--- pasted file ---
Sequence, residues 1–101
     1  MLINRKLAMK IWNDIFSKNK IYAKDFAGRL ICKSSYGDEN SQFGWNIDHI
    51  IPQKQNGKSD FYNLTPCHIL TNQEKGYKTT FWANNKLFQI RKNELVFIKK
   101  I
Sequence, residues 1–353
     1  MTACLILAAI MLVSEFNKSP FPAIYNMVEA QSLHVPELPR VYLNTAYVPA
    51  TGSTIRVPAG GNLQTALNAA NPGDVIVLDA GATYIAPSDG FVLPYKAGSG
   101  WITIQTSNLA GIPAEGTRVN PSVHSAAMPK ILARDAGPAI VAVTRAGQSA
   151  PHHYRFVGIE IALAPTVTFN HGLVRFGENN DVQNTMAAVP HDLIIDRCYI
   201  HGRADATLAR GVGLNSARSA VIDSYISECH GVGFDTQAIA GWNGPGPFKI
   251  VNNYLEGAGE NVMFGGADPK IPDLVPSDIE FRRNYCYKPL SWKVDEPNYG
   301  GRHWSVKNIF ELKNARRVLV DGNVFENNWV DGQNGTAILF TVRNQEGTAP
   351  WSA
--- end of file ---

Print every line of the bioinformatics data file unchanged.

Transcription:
Sequence, residues 1–101
     1  MLINRKLAMK IWNDIFSKNK IYAKDFAGRL ICKSSYGDEN SQFGWNIDHI
    51  IPQKQNGKSD FYNLTPCHIL TNQEKGYKTT FWANNKLFQI RKNELVFIKK
   101  I
Sequence, residues 1–353
     1  MTACLILAAI MLVSEFNKSP FPAIYNMVEA QSLHVPELPR VYLNTAYVPA
    51  TGSTIRVPAG GNLQTALNAA NPGDVIVLDA GATYIAPSDG FVLPYKAGSG
   101  WITIQTSNLA GIPAEGTRVN PSVHSAAMPK ILARDAGPAI VAVTRAGQSA
   151  PHHYRFVGIE IALAPTVTFN HGLVRFGENN DVQNTMAAVP HDLIIDRCYI
   201  HGRADATLAR GVGLNSARSA VIDSYISECH GVGFDTQAIA GWNGPGPFKI
   251  VNNYLEGAGE NVMFGGADPK IPDLVPSDIE FRRNYCYKPL SWKVDEPNYG
   301  GRHWSVKNIF ELKNARRVLV DGNVFENNWV DGQNGTAILF TVRNQEGTAP
   351  WSA